Our prosecutors increasingly recognize that they can – and should – play a key role in recidivism reduction, but they need practical tools to take the leap from ideal to real.
In 2012, the SFDA launched our Sentencing Planning (SP) program, becoming the first office in the State of California to hire a Sentencing Planner. Since then, the program has doubled its capacity with two Sentencing Planners. The program fundamentally transforms the way that prosecutors approach cases by developing individualized sentences that address the needs and risks of justice-involved individuals. It redefines success from the traditional metrics of conviction rates and prison terms to recidivism reduction and community safety.
In 2011, following the passage of AB 109 (California Public Safety Realignment), individuals convicted of non-serious, non-violent, and non-sex crimes were either transferred from state prison to local jails or released on non-custodial mandatory supervision. Many of these individuals returned to the community with minimal or no services to address their criminogenic needs, increasing their risk of recidivating.
In an effort to break this cycle of crime, the SP model focuses on offenders and their readiness for rehabilitation through the application of evidence-based practices designed to reduce reoffending and increase individual accountability.
The SP model is comprised of two Sentencing Planners with expertise in evidence-based programs to address criminogenic needs, and detailed knowledge of programs and services available in San Francisco.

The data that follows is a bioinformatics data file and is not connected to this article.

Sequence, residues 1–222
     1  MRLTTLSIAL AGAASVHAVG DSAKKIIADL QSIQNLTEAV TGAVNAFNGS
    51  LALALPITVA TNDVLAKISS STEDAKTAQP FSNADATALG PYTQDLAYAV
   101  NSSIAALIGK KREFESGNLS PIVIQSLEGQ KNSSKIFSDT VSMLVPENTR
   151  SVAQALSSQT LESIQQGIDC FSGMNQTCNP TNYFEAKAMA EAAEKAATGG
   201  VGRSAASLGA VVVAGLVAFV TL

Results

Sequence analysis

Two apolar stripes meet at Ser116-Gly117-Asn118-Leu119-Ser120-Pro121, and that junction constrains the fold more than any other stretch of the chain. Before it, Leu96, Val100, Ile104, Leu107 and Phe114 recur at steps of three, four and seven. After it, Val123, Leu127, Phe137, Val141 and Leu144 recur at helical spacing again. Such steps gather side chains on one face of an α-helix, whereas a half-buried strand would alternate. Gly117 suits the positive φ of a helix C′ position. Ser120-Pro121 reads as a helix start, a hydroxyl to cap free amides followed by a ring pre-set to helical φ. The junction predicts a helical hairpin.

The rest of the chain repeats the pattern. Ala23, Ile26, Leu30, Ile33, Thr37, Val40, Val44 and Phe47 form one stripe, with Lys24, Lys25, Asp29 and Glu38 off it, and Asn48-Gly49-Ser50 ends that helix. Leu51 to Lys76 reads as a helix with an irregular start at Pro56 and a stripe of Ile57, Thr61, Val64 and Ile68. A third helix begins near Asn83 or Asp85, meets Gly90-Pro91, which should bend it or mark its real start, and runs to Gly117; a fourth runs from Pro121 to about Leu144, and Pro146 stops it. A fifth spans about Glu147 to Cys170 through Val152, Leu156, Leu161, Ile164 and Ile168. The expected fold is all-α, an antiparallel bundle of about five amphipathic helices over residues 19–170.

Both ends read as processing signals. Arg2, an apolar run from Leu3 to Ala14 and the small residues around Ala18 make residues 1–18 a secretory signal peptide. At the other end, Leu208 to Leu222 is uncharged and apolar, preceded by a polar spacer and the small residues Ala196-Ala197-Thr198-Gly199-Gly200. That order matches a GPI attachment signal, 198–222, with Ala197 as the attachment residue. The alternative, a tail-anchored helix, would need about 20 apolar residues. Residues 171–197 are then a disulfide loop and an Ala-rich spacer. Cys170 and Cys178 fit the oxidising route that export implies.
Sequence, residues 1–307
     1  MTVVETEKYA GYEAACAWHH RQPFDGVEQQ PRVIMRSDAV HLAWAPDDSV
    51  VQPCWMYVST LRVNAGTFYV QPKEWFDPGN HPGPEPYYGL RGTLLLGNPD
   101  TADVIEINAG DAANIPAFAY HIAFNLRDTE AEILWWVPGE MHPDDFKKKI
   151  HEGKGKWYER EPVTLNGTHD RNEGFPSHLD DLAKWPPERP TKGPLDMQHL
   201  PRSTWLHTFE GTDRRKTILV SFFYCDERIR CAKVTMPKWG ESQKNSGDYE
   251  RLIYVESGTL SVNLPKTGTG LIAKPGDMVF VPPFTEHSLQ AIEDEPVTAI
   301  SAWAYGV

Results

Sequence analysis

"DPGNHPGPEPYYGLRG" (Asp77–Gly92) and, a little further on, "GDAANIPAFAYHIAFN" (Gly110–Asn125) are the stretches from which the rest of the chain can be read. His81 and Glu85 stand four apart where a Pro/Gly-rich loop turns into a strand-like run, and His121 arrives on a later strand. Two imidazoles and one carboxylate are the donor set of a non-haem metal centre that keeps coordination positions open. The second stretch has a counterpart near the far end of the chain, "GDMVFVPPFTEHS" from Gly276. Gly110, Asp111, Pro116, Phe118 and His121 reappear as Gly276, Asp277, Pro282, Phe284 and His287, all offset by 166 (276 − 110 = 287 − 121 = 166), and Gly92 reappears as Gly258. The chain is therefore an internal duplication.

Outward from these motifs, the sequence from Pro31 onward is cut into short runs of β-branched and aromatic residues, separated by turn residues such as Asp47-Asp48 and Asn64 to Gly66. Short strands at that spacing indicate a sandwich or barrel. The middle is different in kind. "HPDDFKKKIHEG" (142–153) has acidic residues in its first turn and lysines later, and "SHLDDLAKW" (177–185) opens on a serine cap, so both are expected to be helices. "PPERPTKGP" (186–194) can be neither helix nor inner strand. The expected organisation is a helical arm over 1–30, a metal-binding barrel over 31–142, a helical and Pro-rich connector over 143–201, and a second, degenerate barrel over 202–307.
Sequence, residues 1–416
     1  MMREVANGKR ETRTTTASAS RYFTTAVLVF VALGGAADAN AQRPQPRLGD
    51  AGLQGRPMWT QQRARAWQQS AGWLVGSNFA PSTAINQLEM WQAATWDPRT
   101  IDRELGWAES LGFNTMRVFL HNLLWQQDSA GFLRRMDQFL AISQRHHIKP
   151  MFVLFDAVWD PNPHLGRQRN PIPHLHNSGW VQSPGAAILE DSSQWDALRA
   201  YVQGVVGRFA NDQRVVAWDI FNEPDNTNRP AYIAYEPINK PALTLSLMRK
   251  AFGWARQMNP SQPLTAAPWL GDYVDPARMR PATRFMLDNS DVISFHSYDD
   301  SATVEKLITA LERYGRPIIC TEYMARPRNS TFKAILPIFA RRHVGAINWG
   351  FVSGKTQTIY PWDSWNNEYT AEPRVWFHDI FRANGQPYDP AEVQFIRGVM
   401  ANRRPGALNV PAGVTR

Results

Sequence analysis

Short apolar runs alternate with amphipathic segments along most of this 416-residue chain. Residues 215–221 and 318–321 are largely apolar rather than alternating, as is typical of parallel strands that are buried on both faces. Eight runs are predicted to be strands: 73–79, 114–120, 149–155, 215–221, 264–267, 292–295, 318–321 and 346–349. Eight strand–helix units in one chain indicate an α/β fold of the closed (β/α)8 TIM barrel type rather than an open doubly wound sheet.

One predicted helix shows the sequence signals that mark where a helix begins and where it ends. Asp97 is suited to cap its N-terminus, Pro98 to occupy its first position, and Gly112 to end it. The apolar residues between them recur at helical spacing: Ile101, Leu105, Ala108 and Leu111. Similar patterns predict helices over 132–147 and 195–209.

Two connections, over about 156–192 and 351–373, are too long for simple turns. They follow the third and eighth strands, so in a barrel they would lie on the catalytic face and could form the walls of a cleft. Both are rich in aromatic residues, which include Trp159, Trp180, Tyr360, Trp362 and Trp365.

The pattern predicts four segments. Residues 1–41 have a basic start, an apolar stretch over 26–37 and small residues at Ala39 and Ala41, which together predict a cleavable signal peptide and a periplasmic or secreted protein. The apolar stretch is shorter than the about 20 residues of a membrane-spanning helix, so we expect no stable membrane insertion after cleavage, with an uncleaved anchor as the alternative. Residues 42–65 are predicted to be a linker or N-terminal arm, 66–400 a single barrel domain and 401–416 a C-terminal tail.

A team of three Sentencing Planners are assigned cases with young adults, misdemeanor/felony cases and those with mental health needs. The SPs also receive referrals from prosecutors during the early stages of prosecution. An SP conducts an in-depth case review, often including interviews with the defendant and his/her attorney, to determine if alternatives to incarceration are appropriate for the defendant. The SP subsequently provides a written report with detailed recommended dispositions including education requirements, vocational training requirements, rehabilitation and behavior adjustment programs, and, when requested, the length and type of supervision. The prosecutor decides whether to incorporate the SP’s recommendations into his/her final disposition.
The SP program redefines a “win” for prosecutors. It reduces costs across all stages of the criminal justice system – from the courthouse, where cases resolve faster, to jails and prisons, to the street, where police no longer expend resources on individuals who would otherwise remain enmeshed in the cycle of crime.
Independent evaluation of the SP program, conducted by UC Berkeley in May 2014, found compelling evidence that it reduces recidivism and prosecutor reliance on incarceration. Currently, we are seeking resources to extend the SP model to our Juvenile Unit.